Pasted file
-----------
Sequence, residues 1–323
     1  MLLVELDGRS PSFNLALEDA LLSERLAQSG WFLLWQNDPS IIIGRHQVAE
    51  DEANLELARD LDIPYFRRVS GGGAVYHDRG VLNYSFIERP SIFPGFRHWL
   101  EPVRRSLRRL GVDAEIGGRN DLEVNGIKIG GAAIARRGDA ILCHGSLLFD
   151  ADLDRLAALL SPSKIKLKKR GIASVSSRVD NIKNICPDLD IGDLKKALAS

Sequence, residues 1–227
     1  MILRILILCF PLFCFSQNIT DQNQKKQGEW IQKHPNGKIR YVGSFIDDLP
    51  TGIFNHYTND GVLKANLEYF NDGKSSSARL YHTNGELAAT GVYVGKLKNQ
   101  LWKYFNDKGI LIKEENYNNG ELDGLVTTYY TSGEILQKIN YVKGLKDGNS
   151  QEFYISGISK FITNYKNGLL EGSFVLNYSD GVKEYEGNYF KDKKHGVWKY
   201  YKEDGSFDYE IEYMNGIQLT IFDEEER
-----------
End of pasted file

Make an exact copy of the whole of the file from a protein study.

Sequence, residues 1–323
     1  MLLVELDGRS PSFNLALEDA LLSERLAQSG WFLLWQNDPS IIIGRHQVAE
    51  DEANLELARD LDIPYFRRVS GGGAVYHDRG VLNYSFIERP SIFPGFRHWL
   101  EPVRRSLRRL GVDAEIGGRN DLEVNGIKIG GAAIARRGDA ILCHGSLLFD
   151  ADLDRLAALL SPSKIKLKKR GIASVSSRVD NIKNICPDLD IGDLKKALAS

Sequence, residues 1–227
     1  MILRILILCF PLFCFSQNIT DQNQKKQGEW IQKHPNGKIR YVGSFIDDLP
    51  TGIFNHYTND GVLKANLEYF NDGKSSSARL YHTNGELAAT GVYVGKLKNQ
   101  LWKYFNDKGI LIKEENYNNG ELDGLVTTYY TSGEILQKIN YVKGLKDGNS
   151  QEFYISGISK FITNYKNGLL EGSFVLNYSD GVKEYEGNYF KDKKHGVWKY
   201  YKEDGSFDYE IEYMNGIQLT IFDEEER